Best of Both Worlds podcast: Pregnancy and babies (again!)

So after my pregnancy announcement last week, Sarah and I decided to do a full-on baby episode. I talk about expecting #5, and how I revealed the news to the kids. We talk about the idea of a “family baby.” When you are expecting a first child, or even a second or third if the older siblings are quite young, much of the anticipation is concentrated in the adults. But as your kids get older (and their numbers stack up!) the arrival of a new sibling is a community event. My kids have a relationship with their little brother already, and he is being welcomed into their tribe, which has its own identity — completely separate from me.

We talk about how I’m doing: not bad, all things considered with my “advanced maternal age.” I’m still running. I did four miles outside on Monday morning, and it felt awesome. Not all runs feel awesome, but on the margin they’re still good enough that I keep going. For now. Anyone following the running streak should know that I do plan to pause it for a few weeks after delivery.

Because my children have a reasonable age gap (my eldest will be almost 13 when this little guy is born!) I’ve seen quite an evolution in maternity and baby products, and how they’re advertised. (No Instagram for #1!) We asked listeners for their favorites and their advice, and part of the episode is devoted to that. I’m quite curious about the wearable, portable in-bra pumps (Willow, Elvie) and plan to get one of them. As for maternity wear, I’ve been mostly doing Seraphine and JoJo Maman Bebe. I got an awesome pair of maternity jeans from JMB, though when I ordered a second pair I somehow got the wrong size, so the system isn’t perfect. For speeches, I’m wearing a Seraphine blue tweed-ish shift dress with a blue blazer. I’m also wearing a stretchy (non-maternity) MM Lafleur blue shift dress with a houndstooth blue-and-white blazer. And I have a snazzy pair of Seraphine dress black pants that I will wear with my tunic sweaters (non-maternity, but roomy enough to work). So I feel pretty set.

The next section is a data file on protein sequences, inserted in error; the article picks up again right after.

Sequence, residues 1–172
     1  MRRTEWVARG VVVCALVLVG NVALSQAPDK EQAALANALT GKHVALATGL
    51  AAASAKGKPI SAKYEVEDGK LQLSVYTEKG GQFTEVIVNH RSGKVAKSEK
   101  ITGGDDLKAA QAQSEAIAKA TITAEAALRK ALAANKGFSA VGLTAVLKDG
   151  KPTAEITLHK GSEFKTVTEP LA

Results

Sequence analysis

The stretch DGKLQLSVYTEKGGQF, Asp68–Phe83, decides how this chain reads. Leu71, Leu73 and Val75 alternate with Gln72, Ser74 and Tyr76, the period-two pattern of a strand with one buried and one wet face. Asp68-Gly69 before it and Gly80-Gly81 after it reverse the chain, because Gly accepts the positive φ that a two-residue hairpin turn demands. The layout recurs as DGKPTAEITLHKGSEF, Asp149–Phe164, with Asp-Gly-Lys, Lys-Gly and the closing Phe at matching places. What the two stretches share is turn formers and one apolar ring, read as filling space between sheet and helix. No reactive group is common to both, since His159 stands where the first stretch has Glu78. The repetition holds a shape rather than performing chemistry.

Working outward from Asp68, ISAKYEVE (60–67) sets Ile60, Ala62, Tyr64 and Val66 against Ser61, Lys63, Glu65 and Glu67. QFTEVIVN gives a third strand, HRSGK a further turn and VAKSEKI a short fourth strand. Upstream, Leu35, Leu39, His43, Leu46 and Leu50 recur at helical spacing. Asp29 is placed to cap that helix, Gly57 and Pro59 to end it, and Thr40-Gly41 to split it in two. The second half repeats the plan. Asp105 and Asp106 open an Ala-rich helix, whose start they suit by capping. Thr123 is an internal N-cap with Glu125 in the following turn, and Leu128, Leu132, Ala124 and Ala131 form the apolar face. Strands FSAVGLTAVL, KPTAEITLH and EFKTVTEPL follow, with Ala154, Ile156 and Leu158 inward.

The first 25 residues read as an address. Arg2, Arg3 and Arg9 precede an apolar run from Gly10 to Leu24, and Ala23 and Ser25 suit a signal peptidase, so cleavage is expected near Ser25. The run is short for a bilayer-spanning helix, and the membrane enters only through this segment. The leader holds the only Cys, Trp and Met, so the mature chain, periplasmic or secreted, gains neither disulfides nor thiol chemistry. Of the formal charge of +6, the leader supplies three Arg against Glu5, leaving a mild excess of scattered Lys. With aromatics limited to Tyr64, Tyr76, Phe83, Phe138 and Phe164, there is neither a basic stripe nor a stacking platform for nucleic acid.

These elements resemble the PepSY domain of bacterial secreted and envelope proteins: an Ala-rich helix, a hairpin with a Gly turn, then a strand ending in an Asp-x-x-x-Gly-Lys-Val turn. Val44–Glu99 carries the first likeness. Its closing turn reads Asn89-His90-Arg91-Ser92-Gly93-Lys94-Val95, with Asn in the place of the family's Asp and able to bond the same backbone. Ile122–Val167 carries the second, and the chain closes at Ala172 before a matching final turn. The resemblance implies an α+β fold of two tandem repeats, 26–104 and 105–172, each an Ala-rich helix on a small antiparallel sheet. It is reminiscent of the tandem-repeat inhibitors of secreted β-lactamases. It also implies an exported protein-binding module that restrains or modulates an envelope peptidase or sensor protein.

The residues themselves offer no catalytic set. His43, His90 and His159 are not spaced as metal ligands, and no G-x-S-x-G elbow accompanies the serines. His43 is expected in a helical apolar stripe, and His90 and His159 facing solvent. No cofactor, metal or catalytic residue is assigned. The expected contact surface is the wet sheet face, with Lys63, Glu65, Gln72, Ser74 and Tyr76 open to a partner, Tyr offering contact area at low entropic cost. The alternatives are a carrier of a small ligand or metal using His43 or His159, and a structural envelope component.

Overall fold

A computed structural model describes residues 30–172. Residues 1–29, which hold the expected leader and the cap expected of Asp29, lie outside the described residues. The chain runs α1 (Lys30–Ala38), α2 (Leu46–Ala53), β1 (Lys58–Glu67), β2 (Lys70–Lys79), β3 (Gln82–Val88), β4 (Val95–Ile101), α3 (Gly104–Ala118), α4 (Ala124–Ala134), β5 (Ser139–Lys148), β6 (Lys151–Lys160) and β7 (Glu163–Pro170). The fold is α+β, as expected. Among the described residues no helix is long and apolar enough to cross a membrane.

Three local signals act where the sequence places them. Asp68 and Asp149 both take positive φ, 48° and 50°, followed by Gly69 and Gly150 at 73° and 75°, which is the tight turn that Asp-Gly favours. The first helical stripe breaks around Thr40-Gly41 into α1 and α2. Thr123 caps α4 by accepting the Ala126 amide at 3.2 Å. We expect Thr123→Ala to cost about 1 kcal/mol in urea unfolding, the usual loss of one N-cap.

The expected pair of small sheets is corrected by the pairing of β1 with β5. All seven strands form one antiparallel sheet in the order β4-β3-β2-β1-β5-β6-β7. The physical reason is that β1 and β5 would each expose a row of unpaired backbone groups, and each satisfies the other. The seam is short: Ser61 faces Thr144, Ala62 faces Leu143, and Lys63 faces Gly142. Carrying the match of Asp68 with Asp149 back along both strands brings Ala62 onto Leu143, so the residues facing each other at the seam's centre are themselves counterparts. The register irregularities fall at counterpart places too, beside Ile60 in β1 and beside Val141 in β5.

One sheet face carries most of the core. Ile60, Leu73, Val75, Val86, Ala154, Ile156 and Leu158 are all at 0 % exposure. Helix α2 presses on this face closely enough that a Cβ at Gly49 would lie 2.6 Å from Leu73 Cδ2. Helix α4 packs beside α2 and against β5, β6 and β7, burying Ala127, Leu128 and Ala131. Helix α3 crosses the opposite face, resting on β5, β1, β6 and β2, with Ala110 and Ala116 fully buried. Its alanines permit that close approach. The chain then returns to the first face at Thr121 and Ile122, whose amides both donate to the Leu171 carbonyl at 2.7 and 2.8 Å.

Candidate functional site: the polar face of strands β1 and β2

Finally, we take a question from a listener who is expecting baby #3. She runs her own business, which she was not doing when she had her first two children. So she wants to know: how do you take a maternity leave when you’re self-employed? My answer is that it’s possible, but it won’t look like a corporate type leave. I pretty much never go down to zero — but you can take time to scale back up if you’d like, and if your business involves some flexibility, you might be able to work full time while still breastfeeding during breaks. I’m personally limiting travel during Q1 of 2020 and then scaling it back up in late spring.

We apologize for the late posting of this episode — there was a snafu with the default publishing time. I know some listeners look forward to it on their Tuesday morning commutes. But it’s up now, so hopefully you can listen on the way home!